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Diane M Dettmann

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Member Since: Jan, 2011

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Twenty-Eight Snow Angels: A Widow's Story of Love, Loss and Renewal
by Diane M Dettmann   

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Category: 

Memoir

Publisher:  Outskirts Press ISBN-10:  1432777041 Type: 
Pages: 

191

Copyright:  August 16, 2011 ISBN-13:  9781432777043
Non-Fiction

After the sudden death of her 54 year old husband, Diane finds herself alone for the first time in her life. Twenty-Eight Snow Angels is an honest and heartfelt account of her struggle to build a meaningful life after the death of her loving husband, John.

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Twenty-Eight Snow Angels

Twenty-Eight Snow Angels: A Widow's Story of Love, Loss and Renewal, invites the reader into Diane's personal experience of grief, as she faces life alone after her loving husband's sudden death. With honesty and a clear perspective, she reveals her daily struggles and the realities of grief. Readers feel Diane's pain and at the sme time rejoice in her commitment to tackle the daily challenges of life alone and to succeed. Her hearltfelt story inspires hope as the reader discovers that they can build a meaningful life-alone or with someone new-after a devastating loss and reminds all of us to cherish the loved ones we have in our lives.

Twenty-Eight Snow Angels  appeals to a broad audience of readers. Readers who have experienced a death of a loved one or a divorce will relate to many of Diane's experiences and challenges. The book took Diane seven years to write. It is based on journal entries, artifacts, photographs and her memories of the events. Readers call the book "touching . . . beautifully written . . . a true story of courage I could feel every line."

"A keenly observed story of the sudden death of a husband. The reader feels the grief and the hope that follows."      

                 -Adair Lara author of Hold Me Close, Let Me Go and winner of Associated Press "Best Columnist inCalifornia" award.


Excerpt

Chapter 1 Happy New Year 2000

My husband and I rang in the New Year with friends. After an overpriced dinner at a local restaurant, John’s best friend and his wife invited us to their new home for more drinks and dessert. With a fire glowing in the fireplace and a plastic “Happy New Year 2000” banner draped above the mantel, we sat as couples and sipped our drinks as our host wandered through the room snapping photos. When he pointed the camera at us, I leaned into John’s soft black sweater. My paper “Happy New Year” crown brushed against John’s shiny brown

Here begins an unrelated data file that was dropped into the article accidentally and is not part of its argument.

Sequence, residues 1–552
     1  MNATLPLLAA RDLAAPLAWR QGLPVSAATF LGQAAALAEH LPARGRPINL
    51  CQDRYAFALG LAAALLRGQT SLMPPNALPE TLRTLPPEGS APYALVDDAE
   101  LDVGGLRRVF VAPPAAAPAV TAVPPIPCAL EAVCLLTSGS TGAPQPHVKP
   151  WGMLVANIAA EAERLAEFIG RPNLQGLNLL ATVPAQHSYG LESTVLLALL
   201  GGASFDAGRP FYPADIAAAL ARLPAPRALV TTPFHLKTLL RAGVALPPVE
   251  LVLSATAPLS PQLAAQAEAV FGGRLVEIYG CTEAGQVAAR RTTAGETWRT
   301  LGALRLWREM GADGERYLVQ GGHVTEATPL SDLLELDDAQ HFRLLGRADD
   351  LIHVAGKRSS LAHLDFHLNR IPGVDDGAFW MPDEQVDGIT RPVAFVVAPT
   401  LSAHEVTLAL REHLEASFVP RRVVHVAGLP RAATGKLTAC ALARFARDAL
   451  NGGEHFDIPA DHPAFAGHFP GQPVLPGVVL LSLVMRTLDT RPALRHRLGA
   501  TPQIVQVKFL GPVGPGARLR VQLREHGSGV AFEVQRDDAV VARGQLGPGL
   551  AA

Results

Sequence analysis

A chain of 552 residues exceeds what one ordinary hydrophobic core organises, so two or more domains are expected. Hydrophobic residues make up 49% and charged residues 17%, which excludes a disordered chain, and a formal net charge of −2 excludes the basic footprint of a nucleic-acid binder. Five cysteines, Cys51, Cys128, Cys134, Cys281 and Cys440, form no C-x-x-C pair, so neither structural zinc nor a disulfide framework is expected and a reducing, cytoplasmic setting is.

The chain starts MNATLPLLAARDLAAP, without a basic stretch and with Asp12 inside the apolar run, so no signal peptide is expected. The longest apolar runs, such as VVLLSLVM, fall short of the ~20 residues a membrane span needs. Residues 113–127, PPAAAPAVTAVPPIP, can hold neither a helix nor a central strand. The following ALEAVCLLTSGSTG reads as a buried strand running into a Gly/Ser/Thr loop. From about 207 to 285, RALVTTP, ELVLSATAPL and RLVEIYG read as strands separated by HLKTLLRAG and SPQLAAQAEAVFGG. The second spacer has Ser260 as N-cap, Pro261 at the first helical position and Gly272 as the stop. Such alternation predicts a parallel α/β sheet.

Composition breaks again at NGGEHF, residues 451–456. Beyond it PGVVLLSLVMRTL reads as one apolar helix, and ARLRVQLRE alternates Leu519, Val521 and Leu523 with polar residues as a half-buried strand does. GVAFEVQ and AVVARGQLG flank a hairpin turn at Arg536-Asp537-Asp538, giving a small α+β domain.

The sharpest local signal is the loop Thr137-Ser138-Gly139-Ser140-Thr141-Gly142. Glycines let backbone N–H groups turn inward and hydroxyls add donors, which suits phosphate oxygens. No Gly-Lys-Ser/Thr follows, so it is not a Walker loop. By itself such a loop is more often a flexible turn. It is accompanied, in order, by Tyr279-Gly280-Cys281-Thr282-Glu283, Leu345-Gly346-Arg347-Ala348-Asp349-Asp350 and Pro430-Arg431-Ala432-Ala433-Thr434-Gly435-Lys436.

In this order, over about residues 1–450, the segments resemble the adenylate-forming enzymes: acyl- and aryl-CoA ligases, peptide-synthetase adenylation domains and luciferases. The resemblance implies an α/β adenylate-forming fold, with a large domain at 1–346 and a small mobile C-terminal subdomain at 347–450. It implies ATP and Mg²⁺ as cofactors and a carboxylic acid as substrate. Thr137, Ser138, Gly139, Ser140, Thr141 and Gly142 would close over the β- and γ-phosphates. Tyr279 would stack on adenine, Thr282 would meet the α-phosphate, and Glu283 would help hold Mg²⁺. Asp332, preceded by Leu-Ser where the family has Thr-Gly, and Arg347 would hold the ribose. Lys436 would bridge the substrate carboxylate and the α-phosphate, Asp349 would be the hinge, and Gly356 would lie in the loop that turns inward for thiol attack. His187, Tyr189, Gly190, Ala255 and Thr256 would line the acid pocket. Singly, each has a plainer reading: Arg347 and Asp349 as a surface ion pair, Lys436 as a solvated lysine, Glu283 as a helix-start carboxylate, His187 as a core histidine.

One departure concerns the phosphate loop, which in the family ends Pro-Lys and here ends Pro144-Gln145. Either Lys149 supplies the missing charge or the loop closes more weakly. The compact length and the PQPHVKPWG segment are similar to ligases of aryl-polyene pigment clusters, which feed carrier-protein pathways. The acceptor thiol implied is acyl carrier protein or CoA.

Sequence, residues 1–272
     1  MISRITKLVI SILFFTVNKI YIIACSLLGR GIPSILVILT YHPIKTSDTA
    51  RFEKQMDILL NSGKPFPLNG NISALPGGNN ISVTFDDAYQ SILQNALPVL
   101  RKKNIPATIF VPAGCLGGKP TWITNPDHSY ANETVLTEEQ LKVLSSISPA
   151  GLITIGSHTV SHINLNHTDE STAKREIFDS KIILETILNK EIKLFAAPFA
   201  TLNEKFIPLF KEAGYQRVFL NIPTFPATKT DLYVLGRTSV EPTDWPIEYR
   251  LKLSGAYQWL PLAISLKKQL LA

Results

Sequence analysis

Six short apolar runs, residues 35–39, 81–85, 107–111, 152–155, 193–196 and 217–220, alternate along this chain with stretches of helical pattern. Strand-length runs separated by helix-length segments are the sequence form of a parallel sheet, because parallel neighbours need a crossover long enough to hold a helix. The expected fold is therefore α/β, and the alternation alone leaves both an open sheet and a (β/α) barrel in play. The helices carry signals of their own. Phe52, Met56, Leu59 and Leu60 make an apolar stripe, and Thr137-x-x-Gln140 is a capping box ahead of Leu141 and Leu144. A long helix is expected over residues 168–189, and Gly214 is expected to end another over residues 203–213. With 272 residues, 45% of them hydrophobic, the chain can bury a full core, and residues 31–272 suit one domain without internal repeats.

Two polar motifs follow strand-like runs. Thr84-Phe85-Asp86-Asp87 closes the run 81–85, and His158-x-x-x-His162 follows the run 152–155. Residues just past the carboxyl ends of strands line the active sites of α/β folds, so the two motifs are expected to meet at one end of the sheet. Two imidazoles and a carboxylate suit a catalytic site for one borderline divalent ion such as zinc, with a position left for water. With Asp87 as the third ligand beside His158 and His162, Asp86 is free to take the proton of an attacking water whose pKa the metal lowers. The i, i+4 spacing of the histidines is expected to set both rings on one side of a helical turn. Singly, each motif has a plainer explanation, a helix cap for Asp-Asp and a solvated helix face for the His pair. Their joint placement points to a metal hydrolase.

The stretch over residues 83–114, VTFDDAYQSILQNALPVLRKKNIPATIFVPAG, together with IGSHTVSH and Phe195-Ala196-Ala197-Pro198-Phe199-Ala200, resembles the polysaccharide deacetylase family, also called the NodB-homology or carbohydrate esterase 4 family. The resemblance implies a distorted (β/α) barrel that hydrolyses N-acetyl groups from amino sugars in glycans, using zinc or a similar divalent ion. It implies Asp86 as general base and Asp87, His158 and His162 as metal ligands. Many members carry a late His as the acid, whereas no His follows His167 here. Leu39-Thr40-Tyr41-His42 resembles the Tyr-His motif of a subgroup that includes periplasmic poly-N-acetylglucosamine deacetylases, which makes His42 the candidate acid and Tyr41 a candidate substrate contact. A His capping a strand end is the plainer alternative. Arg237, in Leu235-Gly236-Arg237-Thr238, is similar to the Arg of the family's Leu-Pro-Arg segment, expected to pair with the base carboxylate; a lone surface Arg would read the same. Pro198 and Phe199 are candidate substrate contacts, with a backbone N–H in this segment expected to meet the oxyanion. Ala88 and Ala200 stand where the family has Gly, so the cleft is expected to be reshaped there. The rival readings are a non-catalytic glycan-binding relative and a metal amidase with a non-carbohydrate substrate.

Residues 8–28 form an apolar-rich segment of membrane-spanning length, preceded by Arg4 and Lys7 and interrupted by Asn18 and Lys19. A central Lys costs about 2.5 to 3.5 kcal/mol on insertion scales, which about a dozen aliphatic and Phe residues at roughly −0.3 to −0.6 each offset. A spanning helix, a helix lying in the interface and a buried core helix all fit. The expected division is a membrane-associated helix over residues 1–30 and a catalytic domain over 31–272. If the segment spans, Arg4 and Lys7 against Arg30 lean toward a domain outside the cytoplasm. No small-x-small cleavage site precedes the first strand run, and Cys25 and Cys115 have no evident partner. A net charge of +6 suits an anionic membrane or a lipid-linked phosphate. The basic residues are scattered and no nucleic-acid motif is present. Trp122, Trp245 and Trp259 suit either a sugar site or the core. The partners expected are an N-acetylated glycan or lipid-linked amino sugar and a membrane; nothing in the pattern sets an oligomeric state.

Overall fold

hair as he raised his glass and smiled for the camera. Just minutes before midnight our host passed out noisemakers and clicked on the television so we could watch the silver ball drop in Times Square. We counted down: 5–4–3–2–1. “Happy New Year!” we screamed as our noisemakers clanged and squawked. John and I clinked our champagne flutes and kissed.

After a delicious chocolate cheesecake dessert and coffee, we said goodbye and bundled up for the frigid winter drive home. The car door creaked as John opened it and I slid into the passenger’s
seat. Shivering, I pulled the seatbelt across my bulky winter coat and clicked my belt in place. John’s breath hung as vapor in the crisp Minnesota air as he crawled into the driver’s seat.

The engine hesitated, but eventually turned over. The tires crackled as the car pulled onto the snow-covered street. During the long, icy drive home we shared memories of the New Year’s celebrations we had spent with our friends over the past thirty years. In spite of the bitter cold we knew 2000 was going to be a great year.

The New Year brought resolutions, hopes for 2000 and, unfortunately, the flu season. For several days John slept in a chair to minimize his coughing as his temperature climbed to 104 degrees. I called the clinic. I told the nurse about John’s chronic lung condition that he’d had since birth and that I was worried about him. With the waiting rooms filled with sick patients, the nurse recommended I keep John home and give him Tylenol to bring down the fever.

After I hung up the phone, I stared at John, sleeping in his blue leather chair. I questioned the nurse’s suggestion, but within a week, his symptoms faded, and John returned to work. Life was back to normal until one afternoon in April when I walked through the back door. The message machine light fl ashed red. I pushed the play button.